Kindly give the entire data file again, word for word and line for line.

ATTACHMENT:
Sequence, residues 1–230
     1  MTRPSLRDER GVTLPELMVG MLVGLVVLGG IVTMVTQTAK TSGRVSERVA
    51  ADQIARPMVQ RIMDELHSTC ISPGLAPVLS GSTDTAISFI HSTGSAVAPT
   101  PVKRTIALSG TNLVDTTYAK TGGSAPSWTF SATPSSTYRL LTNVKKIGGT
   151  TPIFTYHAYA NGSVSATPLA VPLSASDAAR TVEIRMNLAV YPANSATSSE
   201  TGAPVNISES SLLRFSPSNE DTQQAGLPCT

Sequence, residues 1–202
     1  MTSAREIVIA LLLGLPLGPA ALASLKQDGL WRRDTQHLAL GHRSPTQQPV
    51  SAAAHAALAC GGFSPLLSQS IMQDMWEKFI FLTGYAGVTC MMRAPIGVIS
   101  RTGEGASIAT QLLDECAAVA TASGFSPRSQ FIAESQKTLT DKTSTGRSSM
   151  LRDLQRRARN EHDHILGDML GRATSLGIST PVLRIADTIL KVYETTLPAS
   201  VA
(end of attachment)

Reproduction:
Sequence, residues 1–230
     1  MTRPSLRDER GVTLPELMVG MLVGLVVLGG IVTMVTQTAK TSGRVSERVA
    51  ADQIARPMVQ RIMDELHSTC ISPGLAPVLS GSTDTAISFI HSTGSAVAPT
   101  PVKRTIALSG TNLVDTTYAK TGGSAPSWTF SATPSSTYRL LTNVKKIGGT
   151  TPIFTYHAYA NGSVSATPLA VPLSASDAAR TVEIRMNLAV YPANSATSSE
   201  TGAPVNISES SLLRFSPSNE DTQQAGLPCT

Sequence, residues 1–202
     1  MTSAREIVIA LLLGLPLGPA ALASLKQDGL WRRDTQHLAL GHRSPTQQPV
    51  SAAAHAALAC GGFSPLLSQS IMQDMWEKFI FLTGYAGVTC MMRAPIGVIS
   101  RTGEGASIAT QLLDECAAVA TASGFSPRSQ FIAESQKTLT DKTSTGRSSM
   151  LRDLQRRARN EHDHILGDML GRATSLGIST PVLRIADTIL KVYETTLPAS
   201  VA